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The EU Foreign Direct Investment Screening Regulation (Regulation 2019/452) (FDI Screening Regulation), which entered into force in April 2019, applies from 11 October 2020. It introduces the first EU-wide foreign investment screening cooperation mechanism and allows the European Commission and Member States to comment on foreign investments taking place in other Member States. Since its adoption in April 2019, Member States have significantly tightened their FDI screening regimes and are continuing to do so, and the European Commission calls upon Member States without FDI regimes to follow suit. The new rules will increase scrutiny of foreign investments into the EU in strategic industry sectors, infrastructures and key future technologies, result in longer and more complex reviews and increase the number of investments that will be subject to investment screening. The new EU FDI screening framework complements the European Commission’s existing powers to review foreign investments under EU merger control rules and sector-specific regulation (including the EU’s Third Energy Package applicable to investments in EU energy infrastructure). EU FDI screening will be the responsibility of the new Chief Trade Enforcement Officer, in charge of the EU’s offensive and defensive trade tools. It is therefore to be expected that the FDI policy of the European Commission will be guided by the broader EU trade policy objectives, including the recently endorsed ‘open strategic autonomy’.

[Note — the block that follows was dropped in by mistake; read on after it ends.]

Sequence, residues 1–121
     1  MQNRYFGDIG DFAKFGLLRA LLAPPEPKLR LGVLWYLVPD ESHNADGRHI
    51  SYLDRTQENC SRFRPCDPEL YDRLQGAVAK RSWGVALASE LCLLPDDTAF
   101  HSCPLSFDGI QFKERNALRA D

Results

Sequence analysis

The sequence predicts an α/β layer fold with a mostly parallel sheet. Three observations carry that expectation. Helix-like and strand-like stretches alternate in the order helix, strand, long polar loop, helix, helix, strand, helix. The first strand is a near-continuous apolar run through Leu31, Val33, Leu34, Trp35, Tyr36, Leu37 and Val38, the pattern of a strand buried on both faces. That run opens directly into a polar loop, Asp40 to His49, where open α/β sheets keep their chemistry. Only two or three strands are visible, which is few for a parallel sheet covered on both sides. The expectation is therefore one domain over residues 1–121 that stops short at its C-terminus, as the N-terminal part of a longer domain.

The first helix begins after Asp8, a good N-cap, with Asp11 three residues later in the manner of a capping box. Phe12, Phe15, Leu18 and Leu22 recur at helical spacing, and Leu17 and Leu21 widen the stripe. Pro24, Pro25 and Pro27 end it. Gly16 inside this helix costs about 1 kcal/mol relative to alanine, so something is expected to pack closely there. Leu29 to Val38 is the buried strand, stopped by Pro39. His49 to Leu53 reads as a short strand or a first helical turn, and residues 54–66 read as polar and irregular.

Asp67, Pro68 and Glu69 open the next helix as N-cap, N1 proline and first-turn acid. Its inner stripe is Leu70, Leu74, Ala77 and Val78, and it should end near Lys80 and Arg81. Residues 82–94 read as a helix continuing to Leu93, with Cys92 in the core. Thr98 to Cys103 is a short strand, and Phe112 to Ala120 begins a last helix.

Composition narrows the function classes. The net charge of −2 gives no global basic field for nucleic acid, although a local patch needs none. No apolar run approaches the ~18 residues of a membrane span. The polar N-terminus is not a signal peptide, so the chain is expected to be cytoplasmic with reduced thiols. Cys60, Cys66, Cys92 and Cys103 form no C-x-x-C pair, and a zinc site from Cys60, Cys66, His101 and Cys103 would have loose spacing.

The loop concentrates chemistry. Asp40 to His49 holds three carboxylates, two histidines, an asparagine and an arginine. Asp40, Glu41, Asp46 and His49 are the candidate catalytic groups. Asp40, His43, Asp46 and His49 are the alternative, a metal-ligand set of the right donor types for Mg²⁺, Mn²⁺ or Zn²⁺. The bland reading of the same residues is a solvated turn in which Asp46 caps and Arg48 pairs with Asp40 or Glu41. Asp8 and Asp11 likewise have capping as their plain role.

Autores: Christian Filippitsch Geert Goeteyn Yves Melin Isabelle Rahman Max Seuster Jin Woo Kim

Key impact for investors 

Foreign investments in strategic sectors in the EU are subject to increasingly tighter foreign direct investment (FDI) screening. The new FDI Screening Regulation establishes a mandatory information sharing system between the European Commission (Commission) and EU Member States (Member States) and allows them to comment on foreign investments foreseen in other Member States.1 Since its adoption in April 2019, Member States have significantly tightened their FDI screening regimes and are continuing to do so.

While the FDI Screening Regulation does not allow the Commission to block investments or issue binding opinions to Member States and does not harmonise FDI screening across the EU, the new rules will have a significant impact on foreign investments going forward.

More scrutiny on foreign investments – the new cooperation mechanism will increase the exchange of information between the Commission and Member States, and the Commission and national authorities will become more aware of transactions and can ask for substantial information on a transaction being reviewed in another Member State. In practice, it is expected that businesses will increasingly lobby the Commission to actively engage (and ‘intervene’) in Member States’ review of foreign investments by competitors.

Longer review periods – national foreign investment screening mechanisms must take into account the period when other Member States provide their comments and the Commission issues a non-binding opinion to the Member State carrying out the investment screening. This means, in practice, that an additional minimum of 35-50 days needs to be factored into the review timetable and corporate documentation (long-stop dates, etc.). Investors are therefore advised to consider foreign investment issues early to mitigate any delays.

More investments subject to screening – Member States have been tightening their FDI regimes and continue to do so, and several Member States without an existing screening regime in place are likely to follow suit shortly.